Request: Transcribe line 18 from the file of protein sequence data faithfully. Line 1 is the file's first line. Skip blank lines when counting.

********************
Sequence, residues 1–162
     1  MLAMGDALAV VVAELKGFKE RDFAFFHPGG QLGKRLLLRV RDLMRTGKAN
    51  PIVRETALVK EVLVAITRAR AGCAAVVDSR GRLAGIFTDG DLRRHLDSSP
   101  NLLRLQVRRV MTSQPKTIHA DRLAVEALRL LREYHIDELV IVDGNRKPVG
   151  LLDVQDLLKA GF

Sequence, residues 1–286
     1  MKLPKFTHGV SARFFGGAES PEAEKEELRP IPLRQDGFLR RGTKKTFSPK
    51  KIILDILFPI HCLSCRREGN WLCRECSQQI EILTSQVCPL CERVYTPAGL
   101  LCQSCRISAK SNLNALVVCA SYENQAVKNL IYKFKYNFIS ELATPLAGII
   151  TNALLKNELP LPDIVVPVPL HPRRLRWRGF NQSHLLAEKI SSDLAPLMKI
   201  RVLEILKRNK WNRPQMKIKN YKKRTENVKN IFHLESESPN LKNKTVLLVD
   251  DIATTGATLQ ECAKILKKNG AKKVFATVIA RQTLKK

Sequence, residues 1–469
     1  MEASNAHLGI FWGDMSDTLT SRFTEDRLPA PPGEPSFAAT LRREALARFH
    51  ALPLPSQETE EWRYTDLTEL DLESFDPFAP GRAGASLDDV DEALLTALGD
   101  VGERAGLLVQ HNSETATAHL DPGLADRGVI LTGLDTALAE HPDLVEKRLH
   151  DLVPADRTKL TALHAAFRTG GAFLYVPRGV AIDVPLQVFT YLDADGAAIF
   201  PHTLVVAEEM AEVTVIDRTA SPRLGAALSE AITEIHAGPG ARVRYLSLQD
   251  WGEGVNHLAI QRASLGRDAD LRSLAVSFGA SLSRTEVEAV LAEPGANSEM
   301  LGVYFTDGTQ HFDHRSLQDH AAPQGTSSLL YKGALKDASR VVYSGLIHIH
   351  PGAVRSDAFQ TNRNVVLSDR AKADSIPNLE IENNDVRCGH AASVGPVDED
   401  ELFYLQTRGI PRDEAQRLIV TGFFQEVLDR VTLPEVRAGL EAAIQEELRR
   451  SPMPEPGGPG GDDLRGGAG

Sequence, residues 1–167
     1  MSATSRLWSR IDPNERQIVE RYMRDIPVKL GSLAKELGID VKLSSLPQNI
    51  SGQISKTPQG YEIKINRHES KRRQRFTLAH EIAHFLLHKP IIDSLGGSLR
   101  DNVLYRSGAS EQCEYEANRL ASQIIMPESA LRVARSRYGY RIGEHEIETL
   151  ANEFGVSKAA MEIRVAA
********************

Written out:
   201  PHTLVVAEEM AEVTVIDRTA SPRLGAALSE AITEIHAGPG ARVRYLSLQD